If you’ve been following my FB and blog, you already know about my Indiegogo campaign which was funded to help cover costs of self-publishing. Part of the campaign funds were allotted for the cover art for book one and two of my Alliance series.
Prior to the campaign, I spent a lot of time researching and brainstorming to give myself a plan for the covers. I needed to have an idea for series cohesion, a possible budget, and I needed to choose concepts appropriate for my genre. Basically, I needed to right the wrongs of my previous self-publishing adventure. I already covered some of this information in a previous blog post, so click here to get info on planning covers for genres and series.
Okay, so you know your covers need to fit the book’s genre and you need cohesion for a series. Now what? Let’s get more specific.
Find a designer within your budget who has a great portfolio and testimonials. You can even research those books on Amazon to see if they are real. Basically, do your homework.
Make contact when you find a designer you like. From that first email/message you can see how long they take to response and if they seem professional. If you are working on a series, don’t forget to ask if they offer discounts for multiple books. Not all designers will advertise a discount, but I’ve found many who were willing to offer me one when I inquired.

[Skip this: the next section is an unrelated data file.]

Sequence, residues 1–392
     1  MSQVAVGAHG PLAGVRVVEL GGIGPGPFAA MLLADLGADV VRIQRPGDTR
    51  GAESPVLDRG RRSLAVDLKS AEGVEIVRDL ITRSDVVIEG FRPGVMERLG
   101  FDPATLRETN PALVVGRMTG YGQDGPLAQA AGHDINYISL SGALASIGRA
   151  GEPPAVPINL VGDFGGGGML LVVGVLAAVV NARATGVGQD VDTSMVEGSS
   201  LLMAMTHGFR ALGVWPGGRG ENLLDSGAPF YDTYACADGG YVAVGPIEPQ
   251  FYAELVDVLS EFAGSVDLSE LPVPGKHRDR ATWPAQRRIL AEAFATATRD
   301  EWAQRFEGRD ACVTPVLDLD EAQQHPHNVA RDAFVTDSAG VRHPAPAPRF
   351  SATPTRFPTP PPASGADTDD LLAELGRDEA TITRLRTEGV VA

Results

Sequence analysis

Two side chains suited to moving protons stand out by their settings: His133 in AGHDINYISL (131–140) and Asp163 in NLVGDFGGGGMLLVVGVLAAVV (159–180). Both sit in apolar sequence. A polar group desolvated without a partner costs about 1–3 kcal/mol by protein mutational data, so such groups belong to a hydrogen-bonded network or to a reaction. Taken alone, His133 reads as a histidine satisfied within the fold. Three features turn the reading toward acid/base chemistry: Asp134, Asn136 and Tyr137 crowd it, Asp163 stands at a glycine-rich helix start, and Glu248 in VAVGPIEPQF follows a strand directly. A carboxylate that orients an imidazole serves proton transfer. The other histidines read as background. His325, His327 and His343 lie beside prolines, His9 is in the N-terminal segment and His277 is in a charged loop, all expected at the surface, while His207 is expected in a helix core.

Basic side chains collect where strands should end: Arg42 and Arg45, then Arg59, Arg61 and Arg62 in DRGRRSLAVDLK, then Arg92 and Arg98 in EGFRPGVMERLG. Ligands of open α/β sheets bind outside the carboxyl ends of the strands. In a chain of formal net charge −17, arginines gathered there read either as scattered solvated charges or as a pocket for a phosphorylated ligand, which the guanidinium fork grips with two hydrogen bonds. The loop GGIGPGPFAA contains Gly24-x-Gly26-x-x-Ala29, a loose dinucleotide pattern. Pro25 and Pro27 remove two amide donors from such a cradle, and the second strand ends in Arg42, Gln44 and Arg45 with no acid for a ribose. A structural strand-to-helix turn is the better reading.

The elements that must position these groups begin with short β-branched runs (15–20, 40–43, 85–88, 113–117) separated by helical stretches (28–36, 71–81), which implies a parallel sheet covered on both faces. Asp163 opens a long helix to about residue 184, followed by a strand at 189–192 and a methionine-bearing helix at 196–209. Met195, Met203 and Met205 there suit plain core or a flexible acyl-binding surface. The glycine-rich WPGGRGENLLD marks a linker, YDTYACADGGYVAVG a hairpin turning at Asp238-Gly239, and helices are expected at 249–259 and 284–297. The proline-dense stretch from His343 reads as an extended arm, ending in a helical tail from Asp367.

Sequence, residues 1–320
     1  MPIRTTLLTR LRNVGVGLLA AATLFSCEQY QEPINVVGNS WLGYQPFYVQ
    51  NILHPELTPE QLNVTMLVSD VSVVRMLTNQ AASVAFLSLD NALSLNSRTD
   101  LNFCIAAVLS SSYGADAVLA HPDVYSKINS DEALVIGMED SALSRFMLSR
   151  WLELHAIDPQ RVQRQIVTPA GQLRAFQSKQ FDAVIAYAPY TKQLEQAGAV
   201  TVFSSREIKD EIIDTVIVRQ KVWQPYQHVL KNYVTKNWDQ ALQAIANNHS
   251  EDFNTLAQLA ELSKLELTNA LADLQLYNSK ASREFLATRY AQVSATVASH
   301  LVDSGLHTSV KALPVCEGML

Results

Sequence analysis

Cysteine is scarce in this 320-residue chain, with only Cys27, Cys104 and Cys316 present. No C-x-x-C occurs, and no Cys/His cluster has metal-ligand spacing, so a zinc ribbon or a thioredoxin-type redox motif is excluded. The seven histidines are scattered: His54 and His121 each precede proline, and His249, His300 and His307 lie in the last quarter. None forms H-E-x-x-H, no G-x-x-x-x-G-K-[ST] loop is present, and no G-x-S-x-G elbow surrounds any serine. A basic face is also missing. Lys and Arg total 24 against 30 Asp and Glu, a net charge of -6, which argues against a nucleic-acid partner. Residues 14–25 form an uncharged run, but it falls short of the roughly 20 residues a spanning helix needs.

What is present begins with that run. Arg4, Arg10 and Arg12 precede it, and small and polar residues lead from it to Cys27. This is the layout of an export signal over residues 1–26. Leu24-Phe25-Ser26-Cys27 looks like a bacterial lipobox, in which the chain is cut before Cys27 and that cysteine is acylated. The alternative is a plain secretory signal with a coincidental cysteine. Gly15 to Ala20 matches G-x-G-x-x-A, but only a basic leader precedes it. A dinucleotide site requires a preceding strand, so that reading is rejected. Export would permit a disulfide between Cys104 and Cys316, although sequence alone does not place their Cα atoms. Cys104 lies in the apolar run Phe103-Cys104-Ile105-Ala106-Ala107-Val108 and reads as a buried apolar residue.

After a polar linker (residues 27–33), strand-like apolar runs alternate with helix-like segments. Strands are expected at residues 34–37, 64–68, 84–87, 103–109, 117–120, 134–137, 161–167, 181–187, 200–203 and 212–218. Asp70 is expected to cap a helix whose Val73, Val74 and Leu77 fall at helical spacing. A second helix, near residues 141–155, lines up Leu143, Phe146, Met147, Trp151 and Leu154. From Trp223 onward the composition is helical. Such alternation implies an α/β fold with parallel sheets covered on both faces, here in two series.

If you are on a really strict budget, there are some designers who offer premade covers at a much more affordable price. This can be a great steal if you can stumble on a premade cover that fits your novel. They usually update their premade selection, so bookmark a designer’s site if you like their work even if you don’t currently see one to fit your story.
Make sure you also do research on design rules. For example, your cover needs to translate well when reduced to a thumbnail size. The book might look good to potential readers in a store, but remember many customers will be browsing sites like Amazon. Your thumbnail image is important whether it’s print or ebook.
You should also understand what makes a good layout for a cover and this includes the importance of a legible font. I cringe when I see indie books using some really odd and hard to read font. A good designer can help you avoid these mistakes, but it helps to know the basics yourself. Again, do your homework.
I hope this information is helpful to some fellow indie authors. Stay tuned for my next post discussing a plan for self-publishing on a budget.